Bate honored by commission for academic team championship
Danville City Commission honored the John W. Bate Middle School Academic Team with a proclamation for winning the 2019 Region 16 championship.
Nine of the academic team’s 14 members, as well as it’s coach, Tony Carney, accepted the honor for the team, and received two standing ovations. The team competed against 16 other middle school academic teams in the region in March, and finished 16 points higher than the second-place team.
Carney said many on the team had other activities scheduled for the evening, such as soccer. “It’s a small district, our kids do everything,” he said.
The team went on to compete in the Governor’s Cup in March at the Galt House in Louisville, and made it to the Sweet Sixteen in team competition, finishing seventh out of 300 schools. It was the only middle school in the state of Kentucky that earned two state championships at the competition.
Mayor Mike Perros said “Quiz time!” and went down the line of the nine present with a microphone, asking them their favorite subjects in school. Answers ranged from science to math, language arts and history,
“No recess, no playground ….” Perros pointed out. “Congratulations kids, you represent us well.” He also asked the parents in attendance to stand up, who also received an ovation. “Coach Carney? How long have you been doing this? …” Commissioner Kevin Caudill asked.
Carney said he’s been leading the team for 25 years.
Carney said the team will be competing over Mother’s Day weekend in Chicago for a national championship, but will also be competing in June for a second national tournament.
“We’re one of the few teams in Kentucky who have actually won a national championship — not too many teams in the state who can say that,” Carney said.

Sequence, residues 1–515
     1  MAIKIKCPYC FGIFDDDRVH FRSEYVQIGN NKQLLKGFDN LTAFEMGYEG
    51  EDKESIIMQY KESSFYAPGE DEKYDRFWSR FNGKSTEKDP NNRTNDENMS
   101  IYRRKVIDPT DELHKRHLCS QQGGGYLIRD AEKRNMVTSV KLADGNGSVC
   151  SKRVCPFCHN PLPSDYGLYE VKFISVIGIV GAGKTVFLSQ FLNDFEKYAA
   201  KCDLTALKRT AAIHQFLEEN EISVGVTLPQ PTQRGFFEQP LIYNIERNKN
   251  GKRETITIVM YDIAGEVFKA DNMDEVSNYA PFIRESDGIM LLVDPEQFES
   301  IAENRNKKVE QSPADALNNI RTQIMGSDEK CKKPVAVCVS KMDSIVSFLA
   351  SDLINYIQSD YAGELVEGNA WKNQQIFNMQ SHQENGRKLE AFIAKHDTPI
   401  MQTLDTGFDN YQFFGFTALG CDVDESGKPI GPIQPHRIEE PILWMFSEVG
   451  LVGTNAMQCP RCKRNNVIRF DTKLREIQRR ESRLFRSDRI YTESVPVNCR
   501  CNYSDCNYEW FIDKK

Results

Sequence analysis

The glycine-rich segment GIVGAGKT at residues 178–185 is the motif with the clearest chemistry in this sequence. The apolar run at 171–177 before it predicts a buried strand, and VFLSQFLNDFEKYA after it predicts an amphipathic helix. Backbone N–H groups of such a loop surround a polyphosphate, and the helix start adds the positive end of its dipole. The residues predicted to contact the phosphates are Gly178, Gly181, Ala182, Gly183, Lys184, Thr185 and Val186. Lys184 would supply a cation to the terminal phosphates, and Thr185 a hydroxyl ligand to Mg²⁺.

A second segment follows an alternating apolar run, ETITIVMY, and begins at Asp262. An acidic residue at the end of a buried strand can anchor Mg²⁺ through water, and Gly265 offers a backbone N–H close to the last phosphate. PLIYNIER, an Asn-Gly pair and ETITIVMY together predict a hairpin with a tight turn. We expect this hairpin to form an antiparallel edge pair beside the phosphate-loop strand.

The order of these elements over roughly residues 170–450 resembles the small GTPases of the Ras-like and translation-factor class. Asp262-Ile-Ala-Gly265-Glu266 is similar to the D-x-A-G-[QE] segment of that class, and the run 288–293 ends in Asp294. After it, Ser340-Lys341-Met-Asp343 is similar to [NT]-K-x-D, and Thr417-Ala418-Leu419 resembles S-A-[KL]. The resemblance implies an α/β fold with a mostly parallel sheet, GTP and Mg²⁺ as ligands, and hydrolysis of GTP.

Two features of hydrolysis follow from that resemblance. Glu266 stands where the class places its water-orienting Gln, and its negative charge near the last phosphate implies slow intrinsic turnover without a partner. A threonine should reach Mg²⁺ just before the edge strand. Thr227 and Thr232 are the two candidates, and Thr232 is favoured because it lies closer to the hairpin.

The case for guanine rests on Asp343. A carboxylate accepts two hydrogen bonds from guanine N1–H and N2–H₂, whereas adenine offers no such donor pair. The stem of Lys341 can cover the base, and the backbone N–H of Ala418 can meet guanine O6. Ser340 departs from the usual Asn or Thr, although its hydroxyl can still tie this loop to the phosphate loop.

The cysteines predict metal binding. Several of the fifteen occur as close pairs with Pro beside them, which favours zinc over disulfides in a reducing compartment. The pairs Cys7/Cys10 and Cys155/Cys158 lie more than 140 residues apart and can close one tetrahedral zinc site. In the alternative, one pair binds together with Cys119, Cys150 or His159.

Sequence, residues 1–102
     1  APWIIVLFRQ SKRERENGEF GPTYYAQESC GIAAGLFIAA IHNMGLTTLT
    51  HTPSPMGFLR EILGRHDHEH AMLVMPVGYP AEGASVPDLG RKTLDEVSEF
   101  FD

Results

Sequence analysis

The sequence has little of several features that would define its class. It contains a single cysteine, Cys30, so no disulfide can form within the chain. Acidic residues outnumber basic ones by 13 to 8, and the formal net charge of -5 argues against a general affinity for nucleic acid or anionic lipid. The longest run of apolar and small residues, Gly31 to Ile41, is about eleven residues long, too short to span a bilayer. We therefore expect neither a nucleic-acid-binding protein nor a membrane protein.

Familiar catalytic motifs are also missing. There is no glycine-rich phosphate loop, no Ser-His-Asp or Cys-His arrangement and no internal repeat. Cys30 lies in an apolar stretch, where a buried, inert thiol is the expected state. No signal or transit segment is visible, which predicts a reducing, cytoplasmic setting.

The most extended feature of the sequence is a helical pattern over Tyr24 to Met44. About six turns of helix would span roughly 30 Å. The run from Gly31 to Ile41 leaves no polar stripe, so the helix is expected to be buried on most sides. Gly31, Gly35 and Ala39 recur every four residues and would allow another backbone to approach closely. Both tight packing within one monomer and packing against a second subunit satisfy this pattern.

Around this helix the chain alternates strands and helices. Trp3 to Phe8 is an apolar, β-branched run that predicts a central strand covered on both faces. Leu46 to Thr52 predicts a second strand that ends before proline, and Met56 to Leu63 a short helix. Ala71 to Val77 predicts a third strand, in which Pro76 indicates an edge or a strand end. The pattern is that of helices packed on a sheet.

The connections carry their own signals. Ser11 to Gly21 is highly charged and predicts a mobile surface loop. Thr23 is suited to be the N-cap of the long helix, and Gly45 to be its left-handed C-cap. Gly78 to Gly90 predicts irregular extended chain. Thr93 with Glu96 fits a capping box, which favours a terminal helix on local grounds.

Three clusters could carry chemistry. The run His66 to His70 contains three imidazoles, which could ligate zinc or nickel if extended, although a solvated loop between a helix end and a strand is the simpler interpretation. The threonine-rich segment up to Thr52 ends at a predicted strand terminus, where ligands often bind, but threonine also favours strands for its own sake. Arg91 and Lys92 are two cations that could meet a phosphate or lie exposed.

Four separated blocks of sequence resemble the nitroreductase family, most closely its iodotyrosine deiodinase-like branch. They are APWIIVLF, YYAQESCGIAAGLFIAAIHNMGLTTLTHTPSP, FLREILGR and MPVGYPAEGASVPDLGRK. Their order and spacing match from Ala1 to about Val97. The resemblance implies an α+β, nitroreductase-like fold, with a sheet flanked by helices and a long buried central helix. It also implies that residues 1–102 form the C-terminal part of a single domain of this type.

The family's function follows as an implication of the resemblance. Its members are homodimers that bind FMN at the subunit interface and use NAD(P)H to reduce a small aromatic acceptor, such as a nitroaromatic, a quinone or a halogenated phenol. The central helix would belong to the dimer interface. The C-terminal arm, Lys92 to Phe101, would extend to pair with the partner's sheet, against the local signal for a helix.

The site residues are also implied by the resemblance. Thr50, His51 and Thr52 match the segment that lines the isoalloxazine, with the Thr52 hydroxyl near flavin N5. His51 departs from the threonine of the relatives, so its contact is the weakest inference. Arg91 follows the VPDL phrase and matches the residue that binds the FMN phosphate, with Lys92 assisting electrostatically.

Carney said the kids vote before trips, making a list of sites they’d like to visit while in Chicago, as they did last year when they finished in the quarter-finals. They’ve been to the Science Museum, the Art Institute and several different downtown attractions.
“We try to do as much as we can while we’re there,” Carney said.
The academic team members are Grace Haines, Ben Tibbles, Jackson Erwin, Sophie Wilson, Henry Pennington, Evan Sanders, Carsen Watsell, Elena Griffiths, Kira Pusateri, Ramona Pierce, Hank Helmers, Paul McClure, Sam Finke and Kendall Williams.
Pusateri was named state champion in arts and humanities, and 20th in social studies; Pierce was named state champion in language arts, and placed fifth in the state in arts and humanities.
Two other proclamations were also issued Monday during the commission meeting. Pat Boatright, president of Boyle Landmark Trust, and James Hunn accepted one in honor of Historic Preservation Month, designated for May. Perros said the preservation of the state’s historic buildings and sites is a proven economic development tool that creates jobs, attracts investment and revitalization in downtowns and neighborhoods.
“It stimulates heritage tourism, fosters new business development, assists affordable housing, increases property values and improves the economic climate of communities …” Perros read from the proclamation.
Preservation was established as a public policy under the National Historic Preservation Act, providing the framework for the state’s legislature to create local preservation offices in 1966; amendments to the act in ‘80 enabled partnerships between federal, state and local governments.
Perros said the City of Danville and Heart of Danville have been a Certified Local Government for many years, in partnership with the Kentucky Heritage Council and the National Park Service.
In the “better late than never” segment of proclamations, one was issued to honor Equal Pay Day, which was observed on Tuesday, April 2. It’s been more than 40 years since the passage of the Equal Pay Act and Title VII of the Civil Rights Act, yet women and people of color “continue to suffer the consequences of inequitable pay differentials.”
The proclamation states that full-time working women earn only 79 percent of the earnings year-around, as full-time working men, indicating little change or progress in pay equity. Those stats are according to the U.S. Census Bureau, U.S. Department of Labor and the American Association of University Women.
Data by the U.S. Department of Labor Statistics says women earn less in every occupational classification, including those dominated by women — such as cashiers, retail sales, registered nurses and teachers. But fields in management and higher education show similar results.
“Over a working lifetime, this wage disparity costs the average American woman and her family $700,000 to $2 million in lost wages, impacting Social Security benefits and pensions,” the proclamation states. “Tuesday, April 2, 2019 symbolized the time in the new year in which the wages paid to American women catch up to the wages paid to men from the previous year.”